At the same time, the question before us is, what did the legislature intend by granting immunity to governmental entities for liability “based on contract”? We might assume that some legislators had an awareness of the scholarly division and tripartite classification of the law into tort, contract, and restitution categories; we can also assume with equal or greater confidence that others did not. No doubt some legislators, if they read the bill and thought about the problem, assumed that, as discussed below, actions “based on contract” included actions based on quasi-contracts or based on contracts “implied in law.” As we view the question before us, however, it is not whether there was a specific intention on the part of the legislature to grant immunity to governmental entities for claims based on unjust enrichment; the question rather is whether the basic purpose of the statute to reinstitute sovereign immunity extends to claims of the sort asserted here —i.e., a claim for restitution on the ground that the state will be unjustly enriched if restitution is not ordered.

This type of claim carries many labels, some of which may be analytically or theoretically distinct from others, but all of them having common root, at least historically, in the concept of an action sounding in contract. See Note, supra, 19 Hastings L.J. at 1167-68 (1968) (one form of restitution, fashioned by English common-law courts, indebitatus assumpsit, came to mirror contract causes of action). We have recognized that an action in quantum meruit is different from an action on an alleged contract, but the case in which this difference was acknowledged illustrates how closely the two concepts are related. In State v. Fireman’s Fund Indemnity Co., 67 N.M., 360, 364, 355 P.2d 291, 294 (1960), we quoted from Restatement of the Law of Contracts § 5 comment (a) (1932), as follows:

*179Contracts are often spoken of as express or implied. The distinction involves, however, no difference in legal effect, but lies merely in the mode of manifesting assent. Implied contracts must be distinguished from quasi-contracts, which also have often been called implied contracts, or contracts implied in law. Quasi-contracts, unlike true contracts, are not based on the apparent intention of the parties to. undertake the performances in question, nor are they promises. They are obligations created by law for reasons of justice. Such obligations were ordinarily enforced at common law in the same form of action (assumpsit) that was appropriate to true contract, and some confusion with reference to the nature of quasi-contracts has been caused thereby.

See also Albuquerque Nat’l Bank v. Albuquerque Ranch Estates, Inc., 99 N.M. 95, 102, 654 P.2d 548, 555 (1982) (availability of equity to prevent unjust enrichment); Allsup v. Space, 69 N.M. 353, 362, 367 P.2d 531, 537 (1961) (equitable nature of claim for restitution based on unjust enrichment). As stated by the Supreme Court of Tennessee in a case allowing a claim for unjust enrichment to proceed against an owner of property benefited by a contractor who supplied labor and materials for its improvement:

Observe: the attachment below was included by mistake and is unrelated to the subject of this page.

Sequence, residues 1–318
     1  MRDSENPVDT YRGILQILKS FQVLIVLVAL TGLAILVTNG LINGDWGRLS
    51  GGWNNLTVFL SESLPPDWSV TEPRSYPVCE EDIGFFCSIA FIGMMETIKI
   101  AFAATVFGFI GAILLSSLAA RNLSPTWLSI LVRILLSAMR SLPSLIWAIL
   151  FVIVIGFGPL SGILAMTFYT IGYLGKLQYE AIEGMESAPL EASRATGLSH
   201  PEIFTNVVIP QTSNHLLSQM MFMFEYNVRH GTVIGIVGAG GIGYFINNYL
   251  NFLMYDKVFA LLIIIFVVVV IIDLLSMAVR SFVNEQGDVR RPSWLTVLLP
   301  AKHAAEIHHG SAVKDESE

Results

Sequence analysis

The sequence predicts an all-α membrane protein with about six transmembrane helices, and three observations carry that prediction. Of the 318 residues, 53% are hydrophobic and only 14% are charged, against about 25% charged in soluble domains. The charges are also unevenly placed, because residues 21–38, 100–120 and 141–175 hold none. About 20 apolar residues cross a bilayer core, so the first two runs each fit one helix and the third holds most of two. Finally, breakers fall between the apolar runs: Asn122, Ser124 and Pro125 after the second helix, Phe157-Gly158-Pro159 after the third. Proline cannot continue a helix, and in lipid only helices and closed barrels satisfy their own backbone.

Actions brought upon theories of unjust enrichment, quasi contract, contract implied in law, and quantum meruit are essentially the same. Courts frequently employ the various terminology interchangeably to describe that class of implied obligations where, on the basis of justice and equity, the law will impose a contractual relationship between parties, regardless of their assent thereto.

Paschall’s, Inc. v. Dozier, 219 Tenn. 45, 53-54, 407 S.W.2d 150, 154 (1966) (emphasis added).

From all of this we conclude that, even though an action for unjust enrichment is not “based on contract” in a strict theoretical sense, it is so closely related to an action which is so based that the immunity statute here, Section 37-1-23, should be construed to extend immunity to an unjust enrichment claim as well as to a claim founded on a true, but unwritten, contract.3 In so construing our statute, we refer once again to its purpose, which we have found was to reinstate sovereign immunity as to this type of claim. See Tijerina v. Baker, 78 N.M. 770, 775, 438 P.2d 514, 519 (1968) (statutes should be construed according to purpose for which enacted); Pittsburgh & Midway Coal Min. Co. v. Revenue Div., 99 N.M. 545, 559, 660 P.2d 1027, 1041 (Ct.App.), cert. quashed, 99 N.M. 644, 662 P.2d 645 (1983) (court’s duty is to find interpretation most harmonious with statutory scheme and general purpose manifested by legislature).

Our conclusion that the statute here should be construed to bar a claim against the State in unjust enrichment is buttressed by decisions from other states, in which, admittedly, the distinction between “implied in law” contracts (i.e., relationships giving rise to a claim for unjust enrichment) and “implied in fact” contracts (i.e., true contracts, based on parties’ mutual assent as manifested by their conduct) is not always carefully observed. See, e.g., Mass Transit Admin. v. Granite Constr. Co., 57 Md.App. 766, 471 A.2d 1121 (1984); Morgenroth & Assocs., Inc. v. Town of Tilton, 121 N.H. 511, 431 A.2d 770 (1981); Madrid Lumber Co. v. Boone County, 255 Iowa 380, 121 N.W.2d 523 (1963). In each of these cases the claim for unjust enrichment was barred on sovereign immunity grounds. The policy served by such a refusal to permit liability is to protect the public purse and to require that parties seeking recovery from the state for benefits conferred on it have “valid written contracts,” which presumably will have been carefully negotiated under procedures like those set out in our Procurement Code, NMSA 1978, Sections 13-1-28 to -199 (Repl.Pamp.1988 & Supp.1989). In most cases the party furnishing goods or services is protected by statutes like the Little *180Miller Act, which permits suits against the state as well as the general contractor and its bonding companies. See State ex rel. Electric Supply Co. v. Kitchens Constr., Inc., 106 N.M. 753, 755, 750 P.2d 114, 116 (1988) (Little Miller Act was enacted to protect suppliers of materials under any subcontract involving state 'construction project). Where no such relief is available, as in the instant case, the legislature has decreed that the risk of loss must fall, perhaps as a cost of doing business, on the contractor or subcontractor who undertakes performance of a contract on a state project, rather than on the taxpayers who presumably have already paid all or most of the costs of the project.

The district court correctly dismissed Hydro Conduit’s complaint, and its order is affirmed.


SOSA, C.J., and RANSOM, J., concur.